Monday, August 3, 2009 - 4:20 PM

COS 1-9: Patterns of post-fire vegetation recovery in a Mojave Desert springs complex

Stephanie O. Sunderman, Peter J. Weisberg, and Sarah L. Karam. University of Nevada, Reno


Although desert springs occur infrequently they are a major source of surface water in arid regions.  These literal oases provide resources for a diverse array of aquatic and terrestrial plants and animals. The isolated nature of these unique ecosystems also makes them prone to high rates of endemism.  However, little is known about the ecological role of fire in desert springs.  The primary objective of this study was to examine how different desert springs plant communities respond to fire of varying severity and to repeated burning within a five year time period.  We identify the conditions associated with high recovery of native species, which will aid restoration practitioners in allocating resources to those areas where growth is likely to be slowest.  An intensive vegetation sampling study was conducted in Ash Meadows National Wildlife Refuge, a desert springs complex located in the Mojave Desert region of southern Nevada.  Plant community composition and environmental data were collected in eighty 0.08 ha plots located in or near areas burned in five recent wildfires (2000-2005).  Topographic data were interpreted from a LiDAR dataset, while anthropogenic alteration was characterized from photo-interpretation of false color-infrared imagery.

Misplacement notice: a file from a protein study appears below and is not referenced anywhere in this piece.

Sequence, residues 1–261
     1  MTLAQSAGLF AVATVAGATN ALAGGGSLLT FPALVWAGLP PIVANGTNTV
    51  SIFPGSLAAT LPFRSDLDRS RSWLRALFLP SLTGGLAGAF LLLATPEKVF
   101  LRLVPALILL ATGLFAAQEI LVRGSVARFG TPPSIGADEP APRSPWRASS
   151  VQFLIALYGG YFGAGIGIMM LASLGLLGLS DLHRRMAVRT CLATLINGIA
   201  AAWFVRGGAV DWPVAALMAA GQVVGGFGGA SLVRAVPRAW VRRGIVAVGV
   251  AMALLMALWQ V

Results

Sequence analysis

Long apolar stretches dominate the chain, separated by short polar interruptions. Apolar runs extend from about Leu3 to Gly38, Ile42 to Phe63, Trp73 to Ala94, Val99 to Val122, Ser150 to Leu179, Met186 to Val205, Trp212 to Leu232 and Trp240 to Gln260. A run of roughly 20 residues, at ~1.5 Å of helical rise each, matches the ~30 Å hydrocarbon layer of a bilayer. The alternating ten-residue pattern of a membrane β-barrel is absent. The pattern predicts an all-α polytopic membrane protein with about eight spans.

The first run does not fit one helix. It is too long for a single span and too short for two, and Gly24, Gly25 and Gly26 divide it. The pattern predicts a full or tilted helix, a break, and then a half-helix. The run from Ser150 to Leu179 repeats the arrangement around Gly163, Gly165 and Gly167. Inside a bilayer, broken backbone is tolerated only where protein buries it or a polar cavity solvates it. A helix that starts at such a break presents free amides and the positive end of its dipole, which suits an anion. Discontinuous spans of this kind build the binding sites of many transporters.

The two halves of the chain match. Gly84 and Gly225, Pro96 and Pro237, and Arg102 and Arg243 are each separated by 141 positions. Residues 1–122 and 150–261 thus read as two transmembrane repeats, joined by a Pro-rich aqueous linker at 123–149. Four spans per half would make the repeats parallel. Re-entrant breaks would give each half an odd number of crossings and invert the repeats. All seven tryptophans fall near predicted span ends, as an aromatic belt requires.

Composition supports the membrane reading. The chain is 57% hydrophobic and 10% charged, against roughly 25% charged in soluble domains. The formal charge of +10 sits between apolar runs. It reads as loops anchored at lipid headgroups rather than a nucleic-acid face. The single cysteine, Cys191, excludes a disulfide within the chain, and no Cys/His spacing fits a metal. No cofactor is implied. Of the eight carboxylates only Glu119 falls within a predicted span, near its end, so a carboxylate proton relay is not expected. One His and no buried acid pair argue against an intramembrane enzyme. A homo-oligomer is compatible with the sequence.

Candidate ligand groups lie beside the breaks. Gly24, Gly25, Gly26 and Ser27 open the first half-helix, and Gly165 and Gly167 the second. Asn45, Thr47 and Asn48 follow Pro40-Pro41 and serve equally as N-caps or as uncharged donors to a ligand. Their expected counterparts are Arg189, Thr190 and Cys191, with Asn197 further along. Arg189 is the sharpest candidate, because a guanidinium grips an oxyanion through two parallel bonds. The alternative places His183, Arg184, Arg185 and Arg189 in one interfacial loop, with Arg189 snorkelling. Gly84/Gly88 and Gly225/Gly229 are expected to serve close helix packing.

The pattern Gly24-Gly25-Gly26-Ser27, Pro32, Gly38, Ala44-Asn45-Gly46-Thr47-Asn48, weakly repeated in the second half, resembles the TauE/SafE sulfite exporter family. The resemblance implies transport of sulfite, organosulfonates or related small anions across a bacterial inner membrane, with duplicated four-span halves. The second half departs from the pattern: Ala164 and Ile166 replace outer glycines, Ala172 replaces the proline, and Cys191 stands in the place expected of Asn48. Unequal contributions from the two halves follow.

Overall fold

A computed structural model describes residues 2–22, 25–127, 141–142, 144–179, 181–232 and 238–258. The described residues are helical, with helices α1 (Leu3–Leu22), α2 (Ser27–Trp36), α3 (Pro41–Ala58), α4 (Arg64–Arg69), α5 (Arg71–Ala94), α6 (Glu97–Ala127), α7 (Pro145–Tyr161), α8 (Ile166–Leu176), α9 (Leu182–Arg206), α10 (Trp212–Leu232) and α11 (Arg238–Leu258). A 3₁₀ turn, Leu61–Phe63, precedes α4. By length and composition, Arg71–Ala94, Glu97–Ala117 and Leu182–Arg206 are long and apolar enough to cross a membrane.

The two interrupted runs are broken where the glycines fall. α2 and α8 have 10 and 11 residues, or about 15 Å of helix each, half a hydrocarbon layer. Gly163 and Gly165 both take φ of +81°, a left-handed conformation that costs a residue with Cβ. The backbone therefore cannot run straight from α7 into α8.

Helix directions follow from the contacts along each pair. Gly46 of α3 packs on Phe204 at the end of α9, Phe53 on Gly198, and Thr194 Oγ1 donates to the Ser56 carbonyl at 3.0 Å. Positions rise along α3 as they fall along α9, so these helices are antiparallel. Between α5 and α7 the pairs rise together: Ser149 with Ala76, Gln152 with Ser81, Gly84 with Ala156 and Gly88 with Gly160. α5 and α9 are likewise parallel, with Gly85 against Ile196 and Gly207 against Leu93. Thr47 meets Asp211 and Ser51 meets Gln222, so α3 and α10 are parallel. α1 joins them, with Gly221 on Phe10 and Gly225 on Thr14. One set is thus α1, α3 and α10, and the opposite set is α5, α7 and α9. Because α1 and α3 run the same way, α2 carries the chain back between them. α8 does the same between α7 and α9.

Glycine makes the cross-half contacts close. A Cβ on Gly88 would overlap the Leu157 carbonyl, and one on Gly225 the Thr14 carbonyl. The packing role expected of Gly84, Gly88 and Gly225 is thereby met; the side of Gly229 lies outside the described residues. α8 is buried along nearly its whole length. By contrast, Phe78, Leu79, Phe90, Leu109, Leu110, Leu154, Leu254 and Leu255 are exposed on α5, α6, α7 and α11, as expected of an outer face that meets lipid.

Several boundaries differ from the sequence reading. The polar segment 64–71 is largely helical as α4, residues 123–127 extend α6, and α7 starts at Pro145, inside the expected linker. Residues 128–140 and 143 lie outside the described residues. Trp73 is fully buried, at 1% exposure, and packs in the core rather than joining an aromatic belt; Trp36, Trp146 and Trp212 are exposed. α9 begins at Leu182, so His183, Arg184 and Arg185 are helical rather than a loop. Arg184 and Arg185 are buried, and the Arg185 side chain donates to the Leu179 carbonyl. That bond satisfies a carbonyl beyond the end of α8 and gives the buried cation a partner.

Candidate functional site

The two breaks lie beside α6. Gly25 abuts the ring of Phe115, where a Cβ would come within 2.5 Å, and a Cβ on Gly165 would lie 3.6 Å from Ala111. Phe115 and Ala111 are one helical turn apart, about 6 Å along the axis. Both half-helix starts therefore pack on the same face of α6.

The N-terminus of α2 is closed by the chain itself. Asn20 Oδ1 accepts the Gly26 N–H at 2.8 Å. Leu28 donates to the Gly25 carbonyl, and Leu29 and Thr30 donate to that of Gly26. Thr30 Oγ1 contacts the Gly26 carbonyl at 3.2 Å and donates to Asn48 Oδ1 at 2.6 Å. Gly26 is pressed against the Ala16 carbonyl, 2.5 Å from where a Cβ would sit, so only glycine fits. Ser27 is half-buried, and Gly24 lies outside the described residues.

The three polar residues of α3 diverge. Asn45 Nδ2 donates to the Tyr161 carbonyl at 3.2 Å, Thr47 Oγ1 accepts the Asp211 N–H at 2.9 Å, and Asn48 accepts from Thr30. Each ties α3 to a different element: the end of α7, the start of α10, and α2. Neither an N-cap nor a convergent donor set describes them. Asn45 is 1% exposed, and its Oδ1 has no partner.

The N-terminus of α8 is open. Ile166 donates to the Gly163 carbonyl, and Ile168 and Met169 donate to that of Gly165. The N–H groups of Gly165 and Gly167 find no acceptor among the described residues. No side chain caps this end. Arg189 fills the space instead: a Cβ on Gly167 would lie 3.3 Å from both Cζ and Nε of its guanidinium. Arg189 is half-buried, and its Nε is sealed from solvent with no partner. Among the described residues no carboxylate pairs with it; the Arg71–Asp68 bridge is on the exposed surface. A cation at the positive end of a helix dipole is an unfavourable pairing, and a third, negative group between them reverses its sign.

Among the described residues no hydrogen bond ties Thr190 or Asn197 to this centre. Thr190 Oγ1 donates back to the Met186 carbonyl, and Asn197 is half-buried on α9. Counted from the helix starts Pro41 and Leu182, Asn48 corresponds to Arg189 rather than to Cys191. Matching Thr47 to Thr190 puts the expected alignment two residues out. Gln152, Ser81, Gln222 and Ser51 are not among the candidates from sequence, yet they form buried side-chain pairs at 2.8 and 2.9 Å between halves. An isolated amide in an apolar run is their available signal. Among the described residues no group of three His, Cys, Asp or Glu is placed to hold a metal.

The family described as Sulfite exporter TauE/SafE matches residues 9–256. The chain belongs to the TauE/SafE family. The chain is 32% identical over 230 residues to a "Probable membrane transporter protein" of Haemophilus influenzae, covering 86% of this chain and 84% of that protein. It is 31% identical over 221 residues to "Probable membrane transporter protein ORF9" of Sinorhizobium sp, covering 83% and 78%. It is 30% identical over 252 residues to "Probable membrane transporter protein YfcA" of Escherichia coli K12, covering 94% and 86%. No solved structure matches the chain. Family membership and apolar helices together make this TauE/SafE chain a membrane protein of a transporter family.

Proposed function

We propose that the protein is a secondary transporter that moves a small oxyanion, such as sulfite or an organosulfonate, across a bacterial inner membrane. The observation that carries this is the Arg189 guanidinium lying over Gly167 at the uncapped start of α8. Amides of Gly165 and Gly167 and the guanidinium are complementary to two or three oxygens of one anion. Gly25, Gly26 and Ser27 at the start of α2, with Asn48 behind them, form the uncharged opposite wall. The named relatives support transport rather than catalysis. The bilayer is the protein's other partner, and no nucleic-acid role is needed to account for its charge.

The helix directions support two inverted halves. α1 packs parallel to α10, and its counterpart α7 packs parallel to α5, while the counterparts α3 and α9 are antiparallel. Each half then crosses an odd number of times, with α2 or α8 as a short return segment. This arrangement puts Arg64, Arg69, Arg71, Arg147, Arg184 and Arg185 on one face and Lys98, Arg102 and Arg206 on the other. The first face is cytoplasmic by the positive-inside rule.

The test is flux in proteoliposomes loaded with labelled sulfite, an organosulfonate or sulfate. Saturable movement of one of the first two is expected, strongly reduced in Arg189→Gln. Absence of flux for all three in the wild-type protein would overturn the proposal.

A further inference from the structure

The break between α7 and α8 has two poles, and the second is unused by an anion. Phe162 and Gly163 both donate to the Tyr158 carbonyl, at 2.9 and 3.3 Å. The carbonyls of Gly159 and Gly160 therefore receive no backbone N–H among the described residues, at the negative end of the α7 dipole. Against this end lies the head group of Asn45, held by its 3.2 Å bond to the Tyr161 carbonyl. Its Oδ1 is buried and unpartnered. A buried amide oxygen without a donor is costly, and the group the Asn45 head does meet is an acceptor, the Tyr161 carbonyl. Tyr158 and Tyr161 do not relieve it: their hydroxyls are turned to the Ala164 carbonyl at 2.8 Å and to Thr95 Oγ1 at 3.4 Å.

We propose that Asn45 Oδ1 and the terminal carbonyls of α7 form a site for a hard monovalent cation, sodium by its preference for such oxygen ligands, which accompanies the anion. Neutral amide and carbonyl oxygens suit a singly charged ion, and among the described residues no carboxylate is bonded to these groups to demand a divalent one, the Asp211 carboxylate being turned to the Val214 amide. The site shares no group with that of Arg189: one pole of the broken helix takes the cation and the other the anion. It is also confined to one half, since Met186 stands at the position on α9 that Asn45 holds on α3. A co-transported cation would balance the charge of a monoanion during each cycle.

Fire regimes in these unique ecosystems are not likely to be ignition limited, as both weather related and human induced sources of ignition are abundant.  Instead, fire regimes in desert springs are more likely fuel driven, with more fires occurring in wetland areas with greater understory herbaceous vegetation to be used as fuel.  The presence of fire and repeated burning within a five year time span reduced the cover of native woody vegetation relative to nearby unburned areas, while increasing cover of native herbaceous species.  Time since last fire did not have a significant effect on the cover of plant functional groups.  Screwbean mesquite (Prosopis pubescens) was most likely among native tree species to be entirely killed by fire, while velvet ash (Fraxinus velutina) was the most likely to experience top-kill, as indicated by resprouting from the root crown.  Screwbean mesquite was also most likely of the native trees to establish from seed following fire.  Native trees were less affected by fire than native shrubs, primarily due to their ability to resprout following top-kill by fire.  The lack of competition from slow-recovering shrubs presents opportunity for increased establishment of Tamarix sp. and exotic herbaceous plants.